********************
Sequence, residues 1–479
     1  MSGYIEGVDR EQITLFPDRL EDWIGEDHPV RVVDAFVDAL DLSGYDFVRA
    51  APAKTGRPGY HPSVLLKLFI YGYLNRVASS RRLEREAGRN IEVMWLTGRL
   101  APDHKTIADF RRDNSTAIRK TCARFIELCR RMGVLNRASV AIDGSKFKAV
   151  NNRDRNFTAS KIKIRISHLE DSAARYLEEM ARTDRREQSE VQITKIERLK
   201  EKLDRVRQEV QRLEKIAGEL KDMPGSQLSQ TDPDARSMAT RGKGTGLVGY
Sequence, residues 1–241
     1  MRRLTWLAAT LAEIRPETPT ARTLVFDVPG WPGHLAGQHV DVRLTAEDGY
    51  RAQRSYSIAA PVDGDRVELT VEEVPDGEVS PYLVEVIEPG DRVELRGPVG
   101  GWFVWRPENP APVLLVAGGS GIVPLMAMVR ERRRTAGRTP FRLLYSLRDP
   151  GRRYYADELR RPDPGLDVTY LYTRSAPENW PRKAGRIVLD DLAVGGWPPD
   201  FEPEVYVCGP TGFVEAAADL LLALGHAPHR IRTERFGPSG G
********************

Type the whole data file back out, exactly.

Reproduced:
Sequence, residues 1–479
     1  MSGYIEGVDR EQITLFPDRL EDWIGEDHPV RVVDAFVDAL DLSGYDFVRA
    51  APAKTGRPGY HPSVLLKLFI YGYLNRVASS RRLEREAGRN IEVMWLTGRL
   101  APDHKTIADF RRDNSTAIRK TCARFIELCR RMGVLNRASV AIDGSKFKAV
   151  NNRDRNFTAS KIKIRISHLE DSAARYLEEM ARTDRREQSE VQITKIERLK
   201  EKLDRVRQEV QRLEKIAGEL KDMPGSQLSQ TDPDARSMAT RGKGTGLVGY
Sequence, residues 1–241
     1  MRRLTWLAAT LAEIRPETPT ARTLVFDVPG WPGHLAGQHV DVRLTAEDGY
    51  RAQRSYSIAA PVDGDRVELT VEEVPDGEVS PYLVEVIEPG DRVELRGPVG
   101  GWFVWRPENP APVLLVAGGS GIVPLMAMVR ERRRTAGRTP FRLLYSLRDP
   151  GRRYYADELR RPDPGLDVTY LYTRSAPENW PRKAGRIVLD DLAVGGWPPD
   201  FEPEVYVCGP TGFVEAAADL LLALGHAPHR IRTERFGPSG G